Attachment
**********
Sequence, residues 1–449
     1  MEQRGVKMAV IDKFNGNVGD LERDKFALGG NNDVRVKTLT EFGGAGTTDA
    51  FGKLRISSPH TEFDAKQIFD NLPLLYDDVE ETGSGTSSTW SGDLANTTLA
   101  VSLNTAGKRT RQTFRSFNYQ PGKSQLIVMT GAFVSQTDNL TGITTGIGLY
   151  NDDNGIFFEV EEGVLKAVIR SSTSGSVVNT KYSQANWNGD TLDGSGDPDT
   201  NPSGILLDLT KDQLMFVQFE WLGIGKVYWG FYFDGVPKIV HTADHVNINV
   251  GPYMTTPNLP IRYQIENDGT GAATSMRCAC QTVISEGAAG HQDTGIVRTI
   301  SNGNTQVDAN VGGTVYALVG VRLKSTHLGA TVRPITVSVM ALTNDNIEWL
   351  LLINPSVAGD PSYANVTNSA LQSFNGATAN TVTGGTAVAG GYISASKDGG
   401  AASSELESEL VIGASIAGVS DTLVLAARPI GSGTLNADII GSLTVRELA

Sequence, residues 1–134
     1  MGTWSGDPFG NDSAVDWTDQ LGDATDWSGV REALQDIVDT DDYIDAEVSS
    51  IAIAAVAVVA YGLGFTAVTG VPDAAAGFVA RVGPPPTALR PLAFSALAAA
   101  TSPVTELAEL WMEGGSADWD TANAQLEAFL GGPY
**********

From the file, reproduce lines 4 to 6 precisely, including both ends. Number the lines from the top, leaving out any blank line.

   101  VSLNTAGKRT RQTFRSFNYQ PGKSQLIVMT GAFVSQTDNL TGITTGIGLY
   151  NDDNGIFFEV EEGVLKAVIR SSTSGSVVNT KYSQANWNGD TLDGSGDPDT
   201  NPSGILLDLT KDQLMFVQFE WLGIGKVYWG FYFDGVPKIV HTADHVNINV